Nevertheless, many in the autonomous vehicle industry are trying to take the leap from driver-assistive, Level 1 systems directly to Level 4 or 5, replacing the human driver with a standalone, driverless vehicle system. Level 4 autonomous vehicles require a powerful perception system that can see and comprehend what’s going on around the vehicle at all times.
Leveraging the human driver’s ‘superpower’
Peloton’s approach to designing for Level 4 truck automation leverages the power of human perception. In our automated following truck platooning system, a human driver pilots the lead truck while Peloton’s AutoFollow system pilots the follow truck. The paired trucks are communicating wirelessly over a secure V2V connection, and the human driver in the lead truck acts as an extremely capable system ‘sensor’ for AutoFollow.
Human drivers have an innate ability to perceive and understand what’s happening in the driving environment. The human brain can quickly make sense of what the human eye sees, even if it’s something unusual and unexpected, like a bicyclist riding on a busy freeway or a car approaching from the wrong direction on a one-way street. This ‘superpower’ allows us to distinguish an endless variety of objects under a wide range of conditions. The ability to detect and understand changes in the surrounding environment is essential when it comes to making timely and appropriate driving decisions.
The professional driver in the AutoFollow lead truck drives normally, monitoring weather and traffic conditions ahead and responding appropriately according to the rules of the road and fleet best practices, as well as their own driving experience and intuition. We help this lead human driver be even more safe and effective by equipping the lead and follow trucks with industry-leading Advanced Driver Assistance and Active Safety Systems.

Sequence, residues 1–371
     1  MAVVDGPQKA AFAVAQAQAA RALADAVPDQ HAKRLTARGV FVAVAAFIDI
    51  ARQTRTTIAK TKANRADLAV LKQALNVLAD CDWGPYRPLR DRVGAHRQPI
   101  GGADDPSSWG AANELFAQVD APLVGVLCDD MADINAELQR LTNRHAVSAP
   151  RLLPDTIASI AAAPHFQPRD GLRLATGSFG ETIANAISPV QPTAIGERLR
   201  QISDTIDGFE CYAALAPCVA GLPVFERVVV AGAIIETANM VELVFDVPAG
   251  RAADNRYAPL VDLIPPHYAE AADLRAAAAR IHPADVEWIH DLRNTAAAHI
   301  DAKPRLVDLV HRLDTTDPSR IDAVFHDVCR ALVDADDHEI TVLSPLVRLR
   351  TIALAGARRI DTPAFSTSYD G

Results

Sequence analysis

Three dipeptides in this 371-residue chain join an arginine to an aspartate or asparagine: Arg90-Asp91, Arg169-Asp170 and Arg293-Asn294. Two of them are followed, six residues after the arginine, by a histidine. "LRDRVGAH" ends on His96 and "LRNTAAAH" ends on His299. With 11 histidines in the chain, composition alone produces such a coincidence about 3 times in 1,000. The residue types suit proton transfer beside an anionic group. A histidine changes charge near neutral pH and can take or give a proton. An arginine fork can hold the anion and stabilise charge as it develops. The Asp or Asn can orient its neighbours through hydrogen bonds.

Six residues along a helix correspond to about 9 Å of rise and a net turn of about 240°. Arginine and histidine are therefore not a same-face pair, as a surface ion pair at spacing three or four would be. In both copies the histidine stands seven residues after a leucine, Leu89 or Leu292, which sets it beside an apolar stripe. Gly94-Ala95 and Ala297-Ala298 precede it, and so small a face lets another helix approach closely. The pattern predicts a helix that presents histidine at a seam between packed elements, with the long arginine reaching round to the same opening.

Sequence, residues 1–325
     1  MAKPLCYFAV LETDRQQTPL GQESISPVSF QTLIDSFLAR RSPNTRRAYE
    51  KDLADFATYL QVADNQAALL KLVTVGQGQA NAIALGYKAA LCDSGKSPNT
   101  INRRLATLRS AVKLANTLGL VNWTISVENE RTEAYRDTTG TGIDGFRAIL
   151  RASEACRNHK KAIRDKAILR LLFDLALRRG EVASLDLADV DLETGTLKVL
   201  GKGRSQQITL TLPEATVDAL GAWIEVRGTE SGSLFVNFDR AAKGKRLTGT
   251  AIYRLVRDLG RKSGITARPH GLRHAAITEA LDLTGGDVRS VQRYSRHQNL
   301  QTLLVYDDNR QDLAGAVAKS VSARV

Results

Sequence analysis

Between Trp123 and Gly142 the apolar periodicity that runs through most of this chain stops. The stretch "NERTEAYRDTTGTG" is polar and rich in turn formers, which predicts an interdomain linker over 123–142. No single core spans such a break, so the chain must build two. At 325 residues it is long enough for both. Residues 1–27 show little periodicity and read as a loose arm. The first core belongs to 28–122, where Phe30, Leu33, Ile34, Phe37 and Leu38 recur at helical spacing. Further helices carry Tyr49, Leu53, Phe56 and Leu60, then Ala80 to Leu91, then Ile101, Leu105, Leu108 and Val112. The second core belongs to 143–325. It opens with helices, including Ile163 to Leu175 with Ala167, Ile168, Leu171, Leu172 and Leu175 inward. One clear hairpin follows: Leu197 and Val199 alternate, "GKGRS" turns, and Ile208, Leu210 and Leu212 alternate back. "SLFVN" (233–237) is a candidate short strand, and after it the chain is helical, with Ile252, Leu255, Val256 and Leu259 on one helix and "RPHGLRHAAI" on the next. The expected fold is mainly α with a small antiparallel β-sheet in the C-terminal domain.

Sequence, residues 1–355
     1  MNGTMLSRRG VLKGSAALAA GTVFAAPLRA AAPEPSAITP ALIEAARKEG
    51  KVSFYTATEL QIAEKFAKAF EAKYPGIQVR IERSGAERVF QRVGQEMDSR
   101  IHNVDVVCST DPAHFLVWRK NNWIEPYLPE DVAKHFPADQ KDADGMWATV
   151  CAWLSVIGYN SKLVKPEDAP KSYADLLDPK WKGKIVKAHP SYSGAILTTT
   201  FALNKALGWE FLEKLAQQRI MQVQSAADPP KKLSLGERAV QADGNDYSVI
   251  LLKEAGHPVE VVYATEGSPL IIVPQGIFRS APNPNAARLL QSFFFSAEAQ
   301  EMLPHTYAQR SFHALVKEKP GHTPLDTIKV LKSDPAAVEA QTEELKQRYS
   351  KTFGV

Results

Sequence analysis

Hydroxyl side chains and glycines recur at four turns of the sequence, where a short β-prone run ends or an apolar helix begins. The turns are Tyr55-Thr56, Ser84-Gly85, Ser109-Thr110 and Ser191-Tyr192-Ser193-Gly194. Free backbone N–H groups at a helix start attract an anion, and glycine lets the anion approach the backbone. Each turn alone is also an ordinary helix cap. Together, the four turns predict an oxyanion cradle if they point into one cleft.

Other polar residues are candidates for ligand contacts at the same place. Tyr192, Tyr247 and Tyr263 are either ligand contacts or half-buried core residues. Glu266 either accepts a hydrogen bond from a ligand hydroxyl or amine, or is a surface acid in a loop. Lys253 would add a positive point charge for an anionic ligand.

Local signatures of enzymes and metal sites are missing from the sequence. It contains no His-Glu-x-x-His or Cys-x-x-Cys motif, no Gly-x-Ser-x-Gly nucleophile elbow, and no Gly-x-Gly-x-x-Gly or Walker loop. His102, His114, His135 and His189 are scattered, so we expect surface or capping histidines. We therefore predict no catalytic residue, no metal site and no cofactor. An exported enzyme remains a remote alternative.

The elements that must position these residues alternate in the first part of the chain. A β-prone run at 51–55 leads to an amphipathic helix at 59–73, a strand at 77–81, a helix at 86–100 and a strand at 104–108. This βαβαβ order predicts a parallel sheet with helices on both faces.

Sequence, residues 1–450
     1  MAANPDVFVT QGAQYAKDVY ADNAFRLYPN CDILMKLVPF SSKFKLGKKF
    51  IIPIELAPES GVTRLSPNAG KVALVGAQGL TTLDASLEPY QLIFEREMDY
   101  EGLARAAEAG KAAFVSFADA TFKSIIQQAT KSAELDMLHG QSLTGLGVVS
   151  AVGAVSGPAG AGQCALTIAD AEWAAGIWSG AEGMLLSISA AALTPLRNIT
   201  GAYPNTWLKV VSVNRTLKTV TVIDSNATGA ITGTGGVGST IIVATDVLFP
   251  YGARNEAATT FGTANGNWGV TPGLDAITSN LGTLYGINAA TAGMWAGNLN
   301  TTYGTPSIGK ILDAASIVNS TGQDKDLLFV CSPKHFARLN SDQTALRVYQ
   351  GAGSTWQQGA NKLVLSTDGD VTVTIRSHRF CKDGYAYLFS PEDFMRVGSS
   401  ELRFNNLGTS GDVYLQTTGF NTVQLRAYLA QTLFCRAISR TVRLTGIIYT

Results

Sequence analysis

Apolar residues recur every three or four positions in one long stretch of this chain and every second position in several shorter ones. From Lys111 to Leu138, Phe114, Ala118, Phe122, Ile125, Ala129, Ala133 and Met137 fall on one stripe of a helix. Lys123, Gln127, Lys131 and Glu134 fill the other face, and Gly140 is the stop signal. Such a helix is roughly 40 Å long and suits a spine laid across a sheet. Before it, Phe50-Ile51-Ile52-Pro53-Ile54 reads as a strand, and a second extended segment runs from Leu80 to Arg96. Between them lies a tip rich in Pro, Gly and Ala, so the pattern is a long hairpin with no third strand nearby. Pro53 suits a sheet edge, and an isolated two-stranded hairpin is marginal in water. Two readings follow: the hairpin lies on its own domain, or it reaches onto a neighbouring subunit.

The situational awareness and cognitive abilities of the professional truck driver provide guidance to the automated system as it determines the best path forward for the follow truck.
Having a human driver in the lead truck means AutoFollow can handle more challenging driving conditions compared to traditional, standalone Level 4 systems. The professional driver in the lead truck can easily handle real-world situations, pulling over and stopping to allow an ambulance through, being waved through a construction zone by a flagger, or navigating a stretch of road where the lane markings are obscured. The lead driver’s situational awareness and ability to make informed driving decisions help AutoFollow select the best path forward for the follow truck.
Human perception and V2V connectivity help bring L4 trucking within reach
AutoFollow’s human-led approach simplifies the challenge of designing a perception system for L4 trucks on highway and speeds the way toward a deployable L4 system.
Wireless connectivity over secure, reliable vehicle-to-vehicle (V2V) ensures that the lead and follow trucks are in constant communication as they travel along at a close following distance.
This combination of V2V connectivity and close following creates a unique operating environment for AutoFollow and reduces the longitudinal range over which reliable perception must be supported. When the vehicles are connected and in close platooning formation,, perception support for the automated truck is largely limited to the space between the follow and lead trucks and to the space around the follow truck.
In the AutoFollow platoon, long-range perception, a requirement for heavy-duty truck braking, is provided by sensors on the lead vehicle and by the actions of the human driver. The automated follow truck can reliably ‘see’ a greater distance ahead than a standalone driverless truck. If traffic ahead of the lead truck were to suddenly slow down, the follow truck would immediately know about it.
Safety issues related to false positives and false negatives are mitigated by having a human driver in the connected lead truck. Humans can quickly and accurately distinguish between objects that might pose a safety hazard and ones that don’t. A plastic bag floating in front of a moving vehicle could trigger that vehicle’s active safety system and cause the vehicle to brake unnecessarily, but a driver would recognize that the bag wasn’t a threat and would continue driving with the flow of traffic.